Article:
Milesian Tale is named after a lost book called Milesiaka, where the author Aristides wrote of himself retelling all the hot gossip from Miletus. The Decameron by Boccoccio is apparently a good example of this sort of work. If you knew any of this I’m truly impressed! A Picaresque novel is a realistic satire where the main character (of low social standing) survives by using his wits. This is originally a Spanish genre and to be truly Picaresque the story needs to have a moral happy ending. Have you ever heard of the Robinsade genre? Of course you have! This is the genre of stories spawned from the popularity of Daniel Defoe’s Robinson Crusoe. These are always ‘desert island stories’. I found this interesting as my heroine in Dancing the Maypole writes these about her and Peter and I didn’t even know it was a genre. Robinsade can also be called a subgenre of ‘Survival Fiction’. I prefer Robinsonade. The next one is Sea Story. That’s pretty self explanatory; the story always happens at sea. Children’s Stories…also obvious. The next one on the list was the last one I got to before becoming sidetracked completely…Young Adult Fiction…
Regency Note: Did you know that Young Adult fiction as a genre came about because a woman named Sarah Trimmer (who was a mother/ writer/educationalist) decided it was important enough to be taken seriously and defined the ages of 14 – 21 as Young adulthood? I’d never heard of her! In 1802 she founded a children’s literature periodical called, ‘The Guardian of Education’ where she discussed various books appropriate for the different reading ages. So she ( Wikipedia claims) created the genre of Young Adult fiction! She sounds like she was sort of an annoying person (she thought the poor should be educated so they could read the Bible and be productive moral poor people…because of course (herself being born upper middle class – her father being a tutor for George III) the social status quo was something to maintain. Regardless of what she thought the poor should do with their ability to read and write, she personally saw to it that many of them did learn these skills and encouraged other middle class women to start schools to help more poor children. She opened the doors for a lot of people to better themselves and that’s no small thing!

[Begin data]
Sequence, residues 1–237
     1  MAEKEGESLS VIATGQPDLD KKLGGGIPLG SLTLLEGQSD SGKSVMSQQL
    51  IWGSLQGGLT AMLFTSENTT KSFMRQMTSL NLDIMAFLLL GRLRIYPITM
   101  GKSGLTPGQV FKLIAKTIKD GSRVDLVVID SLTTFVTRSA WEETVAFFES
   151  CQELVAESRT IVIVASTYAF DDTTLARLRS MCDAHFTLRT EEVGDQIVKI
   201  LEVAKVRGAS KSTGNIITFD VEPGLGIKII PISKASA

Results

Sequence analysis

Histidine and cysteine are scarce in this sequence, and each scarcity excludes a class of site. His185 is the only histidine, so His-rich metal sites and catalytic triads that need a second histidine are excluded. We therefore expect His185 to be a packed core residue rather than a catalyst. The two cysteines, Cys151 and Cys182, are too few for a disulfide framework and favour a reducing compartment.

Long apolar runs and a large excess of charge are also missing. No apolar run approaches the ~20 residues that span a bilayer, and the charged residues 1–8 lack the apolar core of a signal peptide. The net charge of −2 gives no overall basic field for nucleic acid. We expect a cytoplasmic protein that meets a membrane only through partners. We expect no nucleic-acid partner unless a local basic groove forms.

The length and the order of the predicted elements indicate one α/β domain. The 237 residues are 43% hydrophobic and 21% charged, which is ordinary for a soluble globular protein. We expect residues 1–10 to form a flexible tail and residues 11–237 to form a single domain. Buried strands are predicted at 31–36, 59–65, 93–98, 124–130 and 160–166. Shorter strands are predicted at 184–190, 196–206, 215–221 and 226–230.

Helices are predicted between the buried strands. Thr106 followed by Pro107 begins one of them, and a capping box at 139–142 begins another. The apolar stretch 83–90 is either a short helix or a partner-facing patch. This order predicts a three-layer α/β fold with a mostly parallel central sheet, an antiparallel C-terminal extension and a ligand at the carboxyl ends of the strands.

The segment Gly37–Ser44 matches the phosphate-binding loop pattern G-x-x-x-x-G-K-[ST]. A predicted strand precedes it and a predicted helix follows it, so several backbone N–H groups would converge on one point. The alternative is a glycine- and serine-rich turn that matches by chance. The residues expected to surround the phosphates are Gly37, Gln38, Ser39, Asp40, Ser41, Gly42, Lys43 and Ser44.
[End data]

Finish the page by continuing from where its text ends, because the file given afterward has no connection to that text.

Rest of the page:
After reading about Sarah Trimmer, one of the books mentioned as an example of Young Adult section caught my eye; The Moonfleet by John Meade Falkner. Instead of working, sleeping or figuring out why I read the genres I do I read The Moonfleet. Written in 1898 it’s an adventure story set in the early 1700’s on the Southern English coast. If you love that old Regency theme of smugglers you’ll love this. It has a romantic element which is sweet. The main character for most of the story is about 15-16…hence YA! You can read it free on Project Gutenberg.
I’m no closer to figuring out why I read what I read…I shall have to keep thinking about it as I finish the list of genres…who knows what I’ll learn!
Gwen Hernandez says
Cari: How interesting. I had no idea there were so many genres out there. I LOVED Robinson Crusoe and then Swiss Family Robinson as a teen. That led to Lord of the Flies. I used to read mostly thrillers and mysteries. Probably because that’s what my parents read. I thought romance meant Harlequin. I had devoured Mary Stewart in high school, but didn’t realize it was romantic suspense at the time.
I realized only recently that I like romance because I crave the HEA. I enjoy a good thriller or mystery still, but I was always disappointed if the H/H didn’t get together (come on guys, at least a kiss for their troubles!), without even giving it conscious thought. Now it’s much harder to go back to my old favorite authors because even if I really enjoy the story, I’m always a bit bummed at the end. At least Clive Cussler always let Dirk Pitt have the girl, even if they weren’t together in the next book. 😉
Good luck on your quest!
Teresa Thomas Bohannon says